Similarly, while women fought alongside men in pre-IDF Jewish militias such as the Haganah, the instant the IDF began to transition from fighting a “war of survival” to optimizing for combat against modern, well-equipped armies, it transitioned to all-male units. Prior to the transition, “mixed direct combat units had consistently higher casualty rates.” And Haganah commanders had “stopped allowing women to serve in assault forces because ‘physically[they] could not run as well — and if they couldn’t run fast enough, they would endanger the whole unit, so they were put in other units.”
Russia and Israel show us that desperate times call for desperate measures, and desperation is not the proper basis for formulating optimal military policy. If the choice were between women in combat and national extinction, any country would accept the former without fail. But that’s not the choice we face.

As our nation grows increasingly divorced from actual military experience, it forgets how intensely physical infantry service is. When I went out on foot patrols in Iraq, I routinely carried 75 extra pounds of gear — including body armor, a rifle, a sidearm, a knife, a basic combat load of ammunition, and a camelback for water. And that was a light load. As a JAG officer, I didn’t even have to tote grenades, communications gear, or any weapon heavier than an M4. When I finished a patrol, I was able to roll back into base, take off my gear, and rest my aching muscles. The guys on the line, by contrast, stayed outside the wire day after day, week after week, and they found themselves carrying full-size, wounded men in the middle of firefights. I’m not sure any of those wounded would want to bleed out for social justice.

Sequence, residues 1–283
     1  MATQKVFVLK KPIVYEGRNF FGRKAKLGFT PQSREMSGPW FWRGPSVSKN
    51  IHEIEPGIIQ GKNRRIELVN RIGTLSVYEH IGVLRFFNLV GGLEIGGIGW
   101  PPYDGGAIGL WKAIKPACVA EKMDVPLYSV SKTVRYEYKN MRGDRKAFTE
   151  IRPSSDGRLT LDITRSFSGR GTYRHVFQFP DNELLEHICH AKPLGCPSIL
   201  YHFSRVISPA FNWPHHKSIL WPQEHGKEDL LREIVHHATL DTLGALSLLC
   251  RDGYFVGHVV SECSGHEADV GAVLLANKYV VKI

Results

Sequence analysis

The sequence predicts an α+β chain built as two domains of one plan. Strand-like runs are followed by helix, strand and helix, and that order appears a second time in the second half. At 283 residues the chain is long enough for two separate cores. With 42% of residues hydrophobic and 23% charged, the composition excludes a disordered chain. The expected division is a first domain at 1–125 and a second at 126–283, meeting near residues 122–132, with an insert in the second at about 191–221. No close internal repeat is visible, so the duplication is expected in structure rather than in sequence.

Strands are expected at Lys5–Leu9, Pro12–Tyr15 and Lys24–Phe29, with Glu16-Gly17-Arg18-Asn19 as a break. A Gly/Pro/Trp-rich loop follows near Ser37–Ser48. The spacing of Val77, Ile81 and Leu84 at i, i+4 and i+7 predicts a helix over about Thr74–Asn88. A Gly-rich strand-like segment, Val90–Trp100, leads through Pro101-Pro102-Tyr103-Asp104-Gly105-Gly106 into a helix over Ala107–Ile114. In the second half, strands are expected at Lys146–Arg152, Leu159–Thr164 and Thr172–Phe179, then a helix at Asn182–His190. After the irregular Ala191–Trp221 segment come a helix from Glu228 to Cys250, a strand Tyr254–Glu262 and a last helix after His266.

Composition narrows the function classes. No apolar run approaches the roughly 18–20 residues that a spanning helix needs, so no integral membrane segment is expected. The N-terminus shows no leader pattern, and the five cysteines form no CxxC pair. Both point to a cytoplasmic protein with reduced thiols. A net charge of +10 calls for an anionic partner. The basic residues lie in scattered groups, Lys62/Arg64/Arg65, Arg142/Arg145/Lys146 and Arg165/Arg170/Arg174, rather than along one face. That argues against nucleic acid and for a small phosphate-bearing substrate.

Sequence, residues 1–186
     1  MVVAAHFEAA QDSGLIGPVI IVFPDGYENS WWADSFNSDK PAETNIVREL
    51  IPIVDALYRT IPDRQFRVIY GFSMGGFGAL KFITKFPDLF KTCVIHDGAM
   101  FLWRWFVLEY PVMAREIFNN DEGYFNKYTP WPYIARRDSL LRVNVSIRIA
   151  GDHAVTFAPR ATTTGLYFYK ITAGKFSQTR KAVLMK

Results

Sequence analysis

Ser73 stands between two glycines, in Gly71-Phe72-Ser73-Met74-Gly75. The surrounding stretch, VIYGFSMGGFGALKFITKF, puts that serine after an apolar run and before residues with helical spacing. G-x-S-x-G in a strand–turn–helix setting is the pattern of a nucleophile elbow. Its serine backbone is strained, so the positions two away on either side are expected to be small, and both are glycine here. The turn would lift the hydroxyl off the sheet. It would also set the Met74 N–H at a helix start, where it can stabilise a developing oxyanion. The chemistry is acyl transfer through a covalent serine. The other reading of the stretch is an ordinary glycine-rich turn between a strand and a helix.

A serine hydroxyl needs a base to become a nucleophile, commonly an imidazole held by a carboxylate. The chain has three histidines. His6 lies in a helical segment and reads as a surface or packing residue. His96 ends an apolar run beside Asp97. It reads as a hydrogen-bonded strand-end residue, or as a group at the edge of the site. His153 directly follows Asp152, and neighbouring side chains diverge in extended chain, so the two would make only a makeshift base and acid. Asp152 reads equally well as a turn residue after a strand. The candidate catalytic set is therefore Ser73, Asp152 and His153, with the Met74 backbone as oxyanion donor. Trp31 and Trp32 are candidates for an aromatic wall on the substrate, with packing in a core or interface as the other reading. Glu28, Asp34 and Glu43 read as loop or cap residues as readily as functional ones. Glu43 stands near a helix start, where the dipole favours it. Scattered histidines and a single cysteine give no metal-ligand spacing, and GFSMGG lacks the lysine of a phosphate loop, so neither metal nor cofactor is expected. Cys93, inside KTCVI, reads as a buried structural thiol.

But as we all know, political correctness is immune to facts. Here’s Navy Secretary Ray Mabus: “That’s still my call, and I’ve been very public. . . . I do not see a reason for an exemption.” And here’s Army Reserve colonel Ellen Haring, a “vocal advocate” for women in infantry units: “They’re always coming up with these averages. . . . The average woman can’t do what the average man does. I don’t think that’s a surprise to any of us. But they weren’t told to do this based on averages. It has to be based on individual capabilities.”

But how do we discover the truly exceptional women who can, for example, not just make it through various training courses but also physically hang with a ground combat unit through the long term? It takes a process of extraordinarily high attrition that hurts unit effectiveness and physically injures large numbers of young women. And for what? For a unit that doesn’t perform as well as an all-male unit?

Our enemies don’t care one bit for political correctness. They won’t treat mixed-gender units with kid gloves. They’ll exploit those units’ perceived weakness mercilessly, concentrating their fire on the slow and vulnerable. There is no nothing more brutal or ruthless than ground combat. And there is no enemy more vicious than ISIS, al-Qaeda, and the Taliban. Will we have to endure the broken bodies of men and women who could have been saved, of breaches in lines that never should have opened, before we acknowledge reality? Men are stronger than women, and in ground combat, that strength is the difference between life and death, victory and defeat.

— David French is an attorney, a staff writer at National Review, and a veteran of Operation Iraqi Freedom.